The proposed extension of the Baldwin County Beach Express received a setback when voters rejected a constitutional amendment Nov. 8 that would have let the Baldwin County Commission create an authority to pay for it through a toll road.
But in the same election, a different statewide amendment barely passed that would allow a similar authority to be created for a new bridge on Pleasure Island. Local Amendment 3 suffered from voter misunderstanding, Baldwin County Commissioner Charles “Skip” Gruber said.
“A lot of people don’t understand what was to happen with that,” he said. “They didn’t know what it was going to be used for and how it was going to be done and everything else.”
The wording of the amendment didn’t say so, but the goal was to create a road and bridge authority that would have financed the extension of the Beach Express from Interstate 10 to Interstate 65, most likely making it a toll road, Gruber said. The project’s estimated cost is $200 million.
According to a proposal previously submitted to the Alabama Gulf Coast Recovery Council, the road would run 24.5 miles from the existing tie-in to I-10 near Rosinton to 1.85 miles northeast of the I-65 interchange with State Road 287. It would complete the Beach Express from Orange Beach to I-65, offering an alternate route for tourists and a new hurricane evacuation route for everyone.
Gruber said the project didn’t receive money from the BP oil spill settlement. The county can’t afford to do it alone, but people don’t want to raise taxes, he said. Making it a toll road would mean that only people who use it would be paying for it. “If you don’t want to drive the road and pay the toll, you don’t have to get on it,” he said.
Gruber said commissioners wanted more detail put into the wording of the amendment, including how the members of the authority that would finance the project would be selected. The project is “shovel ready,” he said. The plans are drawn up, the environmental and federal interstate access permits have been obtained and the next step is purchasing rights of way.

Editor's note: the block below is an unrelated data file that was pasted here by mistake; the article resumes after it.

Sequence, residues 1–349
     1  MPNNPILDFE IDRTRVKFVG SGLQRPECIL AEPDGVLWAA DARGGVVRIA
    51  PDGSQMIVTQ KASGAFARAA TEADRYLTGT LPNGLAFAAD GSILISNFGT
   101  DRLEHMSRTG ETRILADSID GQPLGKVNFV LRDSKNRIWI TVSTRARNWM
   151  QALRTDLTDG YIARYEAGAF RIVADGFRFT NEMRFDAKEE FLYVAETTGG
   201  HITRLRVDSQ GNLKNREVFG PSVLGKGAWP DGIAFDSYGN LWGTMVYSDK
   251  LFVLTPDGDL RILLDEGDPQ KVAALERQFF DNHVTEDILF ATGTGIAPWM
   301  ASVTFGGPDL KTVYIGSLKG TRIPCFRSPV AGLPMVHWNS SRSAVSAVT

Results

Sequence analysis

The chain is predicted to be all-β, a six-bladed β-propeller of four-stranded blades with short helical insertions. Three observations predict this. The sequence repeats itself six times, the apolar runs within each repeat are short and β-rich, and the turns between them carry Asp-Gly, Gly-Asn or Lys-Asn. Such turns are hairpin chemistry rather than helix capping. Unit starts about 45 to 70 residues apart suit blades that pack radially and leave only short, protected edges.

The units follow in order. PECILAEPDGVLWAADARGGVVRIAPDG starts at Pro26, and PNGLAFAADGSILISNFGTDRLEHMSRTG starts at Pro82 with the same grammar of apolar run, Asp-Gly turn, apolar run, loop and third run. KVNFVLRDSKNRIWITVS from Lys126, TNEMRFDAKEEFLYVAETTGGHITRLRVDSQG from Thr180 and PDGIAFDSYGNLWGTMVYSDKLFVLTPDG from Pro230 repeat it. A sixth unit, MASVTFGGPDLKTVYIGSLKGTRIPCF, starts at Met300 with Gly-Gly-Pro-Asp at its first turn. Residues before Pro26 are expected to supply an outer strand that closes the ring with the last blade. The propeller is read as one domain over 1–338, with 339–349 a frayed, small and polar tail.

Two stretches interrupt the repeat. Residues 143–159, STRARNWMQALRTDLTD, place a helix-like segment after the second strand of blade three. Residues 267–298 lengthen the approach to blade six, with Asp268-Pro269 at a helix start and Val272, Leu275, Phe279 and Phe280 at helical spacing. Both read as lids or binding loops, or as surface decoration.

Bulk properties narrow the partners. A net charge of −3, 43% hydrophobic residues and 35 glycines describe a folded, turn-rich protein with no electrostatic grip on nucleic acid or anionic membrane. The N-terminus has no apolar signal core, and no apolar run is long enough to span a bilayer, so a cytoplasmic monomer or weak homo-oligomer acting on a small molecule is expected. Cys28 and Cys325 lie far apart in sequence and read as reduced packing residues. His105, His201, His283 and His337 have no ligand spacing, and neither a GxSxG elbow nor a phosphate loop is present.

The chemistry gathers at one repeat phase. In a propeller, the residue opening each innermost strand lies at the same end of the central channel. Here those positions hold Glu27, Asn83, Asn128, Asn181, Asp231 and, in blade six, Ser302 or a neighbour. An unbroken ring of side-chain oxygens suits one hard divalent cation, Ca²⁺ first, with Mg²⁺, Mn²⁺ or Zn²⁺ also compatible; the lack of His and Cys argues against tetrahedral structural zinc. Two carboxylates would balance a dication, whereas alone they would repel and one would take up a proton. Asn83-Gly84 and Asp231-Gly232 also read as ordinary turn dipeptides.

The amendment did not commit citizens or the county to a toll road, Gruber said. Rather, it gave the commission that option. Gruber said he thinks the commission will have to take the issue back to the legislative delegation to try again.
In Baldwin County, both Local Amendment 3 and Statewide Amendment 12 were voted down by the same margin, 52 percent against, 48 percent in favor. But statewide, Amendment 12 squeaked into the Constitution by a margin of 50.64 percent to 49.36 percent in favor, out of about 1.2 million votes cast.
Amendment 12 allows municipalities in Baldwin County to create their own authorities. In Orange Beach, that’s one source of possible financing being eyed for a new bridge.
“We have no plans to use it right now at this time,” Orange Beach Mayor Tony Kennon said. “Wolf Bay would be the No. 1 choice, yes. Now if there is a bridge to the west, that would be the Gulf Shores/Orange Beach city limit, that is a possibility as well. That would be much less expensive, but it may not be as efficient. So there are two options there available to us.”
A new bridge, like the Beach Express, would reduce the heavy summertime traffic into Orange Beach, Gulf Shores and Fort Morgan as well as provide another evacuation route for the part of Baldwin County that must evacuate first when tropical weather in imminent.
Kennon said the amendment gives Orange Beach an option if the state won’t build a bridge and “creates leverage” with the current company that operates the Beach Express toll bridge. As for how two similar amendments ended up before voters in the same election, Kennon said the situation created confusion.
“To be quite honest with you, I paid no attention to what the county was doing,” he said.